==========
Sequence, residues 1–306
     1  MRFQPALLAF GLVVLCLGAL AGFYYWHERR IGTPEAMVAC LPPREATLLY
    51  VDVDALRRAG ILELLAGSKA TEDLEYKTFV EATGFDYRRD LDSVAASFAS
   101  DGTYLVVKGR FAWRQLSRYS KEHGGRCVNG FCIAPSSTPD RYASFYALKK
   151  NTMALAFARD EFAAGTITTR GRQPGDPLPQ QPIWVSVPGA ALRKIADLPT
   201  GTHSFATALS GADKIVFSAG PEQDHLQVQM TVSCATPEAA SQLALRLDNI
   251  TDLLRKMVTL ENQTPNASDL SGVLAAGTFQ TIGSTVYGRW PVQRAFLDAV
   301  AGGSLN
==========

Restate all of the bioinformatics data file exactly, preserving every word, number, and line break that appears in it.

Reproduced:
Sequence, residues 1–306
     1  MRFQPALLAF GLVVLCLGAL AGFYYWHERR IGTPEAMVAC LPPREATLLY
    51  VDVDALRRAG ILELLAGSKA TEDLEYKTFV EATGFDYRRD LDSVAASFAS
   101  DGTYLVVKGR FAWRQLSRYS KEHGGRCVNG FCIAPSSTPD RYASFYALKK
   151  NTMALAFARD EFAAGTITTR GRQPGDPLPQ QPIWVSVPGA ALRKIADLPT
   201  GTHSFATALS GADKIVFSAG PEQDHLQVQM TVSCATPEAA SQLALRLDNI
   251  TDLLRKMVTL ENQTPNASDL SGVLAAGTFQ TIGSTVYGRW PVQRAFLDAV
   301  AGGSLN